Trophy Lalique: Another Victory for Oksana and Artur
Oksana and Artur experienced the third victory of their career together when they won the Trophy Lalique competition in France on November 16. Their free skate was a smashing success and reason for fans to rejoice. Their coach Tamara had two reasons to celebrate because her new pair of Elena Bereznaya and Anton Sikharulidze marked their debut with a bronze medal.
The short programs were skated November 15 and Oksana and Artur had some difficulty. She fell on the triple toe loop and he doubled his. They wore different costumes than they had at Skate America; Artur's was a simple dark pants/dark shirt combination with a pattern on the top. Oksana also had a different dress than the one she had worn at Skate America; this one with a blue flower print. She topped off the look with an orange scrunchie on her hair and a green and yellow colored bracelet. Despite the problems with the triple toe loops, the rest of the program was clean and Tamara was satisfied with it. The audience responded well to it, and Tamara thought the marks, which slotted Oksana and Artur third, were fair. Americans Meno and Sand skated a clean short with triple toe loops and were placed first.
Oksana and Artur had to skate their long program early. The French pair withdrew shortly after having begun their free, and Oksana and Artur were called to the ice several minutes early. This can be a major disruption to most skaters, but our pair was brilliant in the long program, nailing all of their elements. The improvement they made in the brief period of time since Skate America is remarkable. Both throws were clean, the triple twist was performed (slightly underrotated), and the side-by-side jumps landed well. Even more heartening was the reaction of the public who greatly enjoyed the program. The strongest factor was the choreography. Although they are still using some M&D moves, their choreography contains some brilliant new ones. In one move, Oksana shows amazing balance and strength as she has one skate on the ice, and holds the other straight up. Emotion and creativity mark the pair's masterpiece of a program.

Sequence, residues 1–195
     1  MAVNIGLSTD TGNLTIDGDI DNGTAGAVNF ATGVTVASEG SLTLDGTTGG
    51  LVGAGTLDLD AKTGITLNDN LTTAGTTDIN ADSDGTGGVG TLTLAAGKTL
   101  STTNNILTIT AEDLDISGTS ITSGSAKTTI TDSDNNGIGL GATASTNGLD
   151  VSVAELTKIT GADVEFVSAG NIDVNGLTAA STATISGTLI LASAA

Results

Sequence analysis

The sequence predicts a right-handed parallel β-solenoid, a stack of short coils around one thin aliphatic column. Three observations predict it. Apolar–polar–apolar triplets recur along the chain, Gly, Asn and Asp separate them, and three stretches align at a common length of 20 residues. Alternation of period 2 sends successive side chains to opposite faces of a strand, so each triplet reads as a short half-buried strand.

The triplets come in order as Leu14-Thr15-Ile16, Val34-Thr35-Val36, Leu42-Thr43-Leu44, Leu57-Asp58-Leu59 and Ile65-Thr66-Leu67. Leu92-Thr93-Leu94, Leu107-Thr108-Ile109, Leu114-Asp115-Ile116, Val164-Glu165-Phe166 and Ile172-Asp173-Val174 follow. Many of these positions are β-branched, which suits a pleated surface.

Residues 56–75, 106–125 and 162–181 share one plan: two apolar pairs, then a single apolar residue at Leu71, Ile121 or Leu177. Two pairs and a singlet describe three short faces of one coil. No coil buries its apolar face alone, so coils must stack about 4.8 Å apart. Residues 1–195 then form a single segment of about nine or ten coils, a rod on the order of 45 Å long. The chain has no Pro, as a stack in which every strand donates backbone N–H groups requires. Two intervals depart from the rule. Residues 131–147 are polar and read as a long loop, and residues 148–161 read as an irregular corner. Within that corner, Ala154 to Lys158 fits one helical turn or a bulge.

Artistic marks went as high as the 5.8-5.9 range--this title was well deserved. Oksana and Artur received six first place ordinals and one third. The only complaints heard were that they skated somewhat slow. Speed and stamina are areas they will need to work on this season.
Oksana remarked that last season, she knew that she could perform the elements, but this is the first season that she feels that she can do it and feels that they are a team.
Meno and Sand were still suffering wrist injuries and slipped to second place.
Elena Bereznaya made a stunning comeback by taking third place with Anton here. Although they moved down from second to third after the free skate, any kind of medal at only their first competition together is a major breakthrough. They did skate their programs somewhat cautiously, which is to be expected, but they also impressed the audience with their speed, line, and purity of technique. It really is amazing when one considers how far both of Tamara's pairs have come in very short periods of time.
Unfortunately, Elena injured her leg after the free skate and had to skip the exhibition. The good news is that she recovered relatively quickly.
American skating fans saw TV coverage from the Fox network. Fox has usually given pairs the brush-off, but surprised us all by airing complete free skates from the top four pairs and by doing a profile on Elena and Anton. Elena and Anton are "an item" and her remarkable recovery from her serious head wound in January, 1996 should be the talk of the skating world for years to come. Tamara is thought of as a miracle worker for putting together these two amazing pairs so quickly.
Tamara and her teams celebrated with a traditional glass of champagne together. (This is a ritual that has been going on for years; after her two pairs at Albertville won gold and silver they all celebrated with champagne.) this was definately Oksana and Artur's best competition since 1996 Europeans. "We have a saying in Russia," Tamara remarked, " 'Chickens are counted in autumn'. For skaters, autumn is Worlds and Olympics."